The Right To Bear Arms Part II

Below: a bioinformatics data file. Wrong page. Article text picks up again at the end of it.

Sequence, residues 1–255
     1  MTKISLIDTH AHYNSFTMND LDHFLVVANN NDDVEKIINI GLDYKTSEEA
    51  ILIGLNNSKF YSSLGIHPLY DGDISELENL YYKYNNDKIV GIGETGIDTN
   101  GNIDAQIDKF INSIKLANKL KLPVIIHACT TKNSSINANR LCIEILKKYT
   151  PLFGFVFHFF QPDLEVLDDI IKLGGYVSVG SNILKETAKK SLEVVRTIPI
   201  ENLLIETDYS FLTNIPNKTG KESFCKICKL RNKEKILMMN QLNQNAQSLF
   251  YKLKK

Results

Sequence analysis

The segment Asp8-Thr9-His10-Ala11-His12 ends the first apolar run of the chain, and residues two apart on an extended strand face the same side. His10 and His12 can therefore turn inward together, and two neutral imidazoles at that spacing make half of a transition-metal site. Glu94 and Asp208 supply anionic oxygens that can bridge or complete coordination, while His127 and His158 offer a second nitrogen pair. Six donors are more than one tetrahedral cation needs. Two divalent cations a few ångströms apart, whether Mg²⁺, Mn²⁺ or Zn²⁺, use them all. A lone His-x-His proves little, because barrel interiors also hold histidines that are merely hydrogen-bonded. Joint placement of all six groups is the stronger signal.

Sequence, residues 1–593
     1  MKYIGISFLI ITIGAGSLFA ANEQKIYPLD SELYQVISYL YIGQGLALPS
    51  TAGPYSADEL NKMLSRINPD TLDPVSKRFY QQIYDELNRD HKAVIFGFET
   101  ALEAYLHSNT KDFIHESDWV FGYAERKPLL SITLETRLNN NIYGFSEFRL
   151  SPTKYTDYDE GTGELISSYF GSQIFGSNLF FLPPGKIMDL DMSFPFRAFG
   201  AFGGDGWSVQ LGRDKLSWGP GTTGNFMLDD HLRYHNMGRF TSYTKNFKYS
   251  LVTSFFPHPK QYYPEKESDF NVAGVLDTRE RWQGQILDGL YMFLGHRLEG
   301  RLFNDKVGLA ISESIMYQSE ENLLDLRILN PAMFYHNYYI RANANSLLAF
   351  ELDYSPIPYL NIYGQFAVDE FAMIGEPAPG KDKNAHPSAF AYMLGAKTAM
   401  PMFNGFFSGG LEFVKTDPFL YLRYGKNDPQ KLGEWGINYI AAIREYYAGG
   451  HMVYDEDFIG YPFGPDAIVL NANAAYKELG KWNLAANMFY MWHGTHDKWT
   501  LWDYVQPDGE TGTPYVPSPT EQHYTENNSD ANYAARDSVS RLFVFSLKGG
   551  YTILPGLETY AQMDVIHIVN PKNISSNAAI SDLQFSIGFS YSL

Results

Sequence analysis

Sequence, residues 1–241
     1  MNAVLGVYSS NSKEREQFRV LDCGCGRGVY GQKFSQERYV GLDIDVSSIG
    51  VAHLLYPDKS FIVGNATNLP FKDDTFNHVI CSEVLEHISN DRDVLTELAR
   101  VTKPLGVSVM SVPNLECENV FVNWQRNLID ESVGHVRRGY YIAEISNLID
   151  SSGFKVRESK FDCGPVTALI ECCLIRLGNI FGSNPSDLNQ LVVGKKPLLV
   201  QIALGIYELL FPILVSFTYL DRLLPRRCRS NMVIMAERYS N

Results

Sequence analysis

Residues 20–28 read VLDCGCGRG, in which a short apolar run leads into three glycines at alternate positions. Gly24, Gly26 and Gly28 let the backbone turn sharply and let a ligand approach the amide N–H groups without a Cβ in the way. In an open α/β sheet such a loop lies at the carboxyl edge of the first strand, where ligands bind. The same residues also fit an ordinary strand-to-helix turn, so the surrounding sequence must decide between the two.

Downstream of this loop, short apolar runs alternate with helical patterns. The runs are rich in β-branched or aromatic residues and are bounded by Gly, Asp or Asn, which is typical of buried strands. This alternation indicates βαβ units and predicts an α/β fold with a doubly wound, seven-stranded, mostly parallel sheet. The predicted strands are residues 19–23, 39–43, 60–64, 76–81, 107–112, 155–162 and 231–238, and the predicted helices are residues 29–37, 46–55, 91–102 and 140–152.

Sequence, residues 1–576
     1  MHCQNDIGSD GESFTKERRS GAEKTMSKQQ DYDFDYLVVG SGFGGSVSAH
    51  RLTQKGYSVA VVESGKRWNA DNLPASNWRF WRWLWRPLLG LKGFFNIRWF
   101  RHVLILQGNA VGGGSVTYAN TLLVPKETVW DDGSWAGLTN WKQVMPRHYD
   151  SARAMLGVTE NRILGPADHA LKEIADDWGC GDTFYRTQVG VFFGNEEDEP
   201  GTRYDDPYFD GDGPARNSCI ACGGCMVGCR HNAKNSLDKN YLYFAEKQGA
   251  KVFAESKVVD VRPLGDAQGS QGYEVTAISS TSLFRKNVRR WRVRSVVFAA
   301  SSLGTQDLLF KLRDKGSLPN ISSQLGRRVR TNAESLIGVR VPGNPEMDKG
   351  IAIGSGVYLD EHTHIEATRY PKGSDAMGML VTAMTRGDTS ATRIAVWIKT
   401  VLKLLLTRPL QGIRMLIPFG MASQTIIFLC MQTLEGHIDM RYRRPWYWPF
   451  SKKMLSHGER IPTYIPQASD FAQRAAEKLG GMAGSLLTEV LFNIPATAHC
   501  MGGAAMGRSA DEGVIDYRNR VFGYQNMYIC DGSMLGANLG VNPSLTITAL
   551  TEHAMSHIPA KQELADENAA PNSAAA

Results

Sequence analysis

Iz Gius As fall approaches, with tank tops and shorts quickly being replaced by thick sweaters and long pants, it seems strange to be talking about Latin’s dress code yet again. But despite my announcement with Mr. Coberly a couple weeks ago, there’s still much to be said about our dress guidelines, the sexism therein, and what exactly changed this school year. Last semester I took a GOA (Global Online Academy) course on Gender Studies. The topic of Latin’s online school partnership is enough for an entire article in itself, so I won’t go into too much detail about the class and my experience— but as my cumulative, end-of-semester project, I was given the unique task of creating a gender equality initiative within my local community. Restructuring Latin’s dress code was one of the first ideas to pop into my mind; I had seen plenty of Tumblr posts and news articles about teenage girls challenging their school’s restrictions on what clothing they could and could not wear. And although I myself have never been dress-coded or forced to change, many of my peers and friends have been reprimanded and embarrassed for showing their midriff, shoulders, or other “distracting” parts of their bodies (but more on that later). I began with a quick news search and a poll of some of the girls around me. What I found was encouraging: women all over the world, in high schools, middle schools, and universities, were challenging their administrations and demanding that they no longer be targeted. In addition, nearly all of my female peers had been dress-coded (or at the very least, had consciously chosen not to wear something to school in fear of getting in trouble), and mostly by male teachers. All of the terms I had been discussing in my GOA—patriarchy, femininity, rape culture—culminated in this one close-to-home issue. My problems with Latin’s previous dress code were twofold: the official language in the Handbook was discriminatory, as well as the enforcement. The Student Handbook banned any clothing that was “a distraction to students, faculty, or staff,” and offenders could receive “escalating disciplinary consequences including detention, probation or suspension.” And what exactly constitutes “distracting” clothing? The old dress code went on to list examples like “clothing which is too tight or too revealing” and “bare midriffs.” In very few words, the dress code was unequal. It uniquely targeted female students and labeled their bodies as a “distraction” to those around them. When girls would wear athletic clothing, show their shoulders, or reveal their midriff, they were blamed, received warnings, and were asked to change. Boys, on the other hand, regularly got away with wearing athletic-wear and were largely exempt from any regulation. There was ample room for change. So I put together a proposal, written statement, and video, submitted it to my GOA teacher, and left for summer vacation. I intended to talk to the Upper School administration, but not until the beginning of the next school year. However, after seeing a comment about my dress code initiative on my end-of-semester evaluation, Mr. Graf, the former Upper School Director, reached out to me. My email exchange with him soon became one with Mr. Coberly, who was immediately on board with the changes that I suggested. After many emails and a couple of meetings, he finalized the changes to the student handbook—and the rest is history. Our new dress code removes the phrase “distracting” entirely, only banning clothing which is inappropriate for school—things like visible underwear, references to drugs and alcohol, etc. The only remaining restrictions seem to me to be common sense. And although there’s not much I can do to remove bias in enforcement, I’m hoping the new restrictions will be clearer to faculty and staff, and that female students can now stand up for themselves and their own decisions about clothing and their bodies. For more information on the new and improved dress guidelines, check out page 22 of the handbook.]]>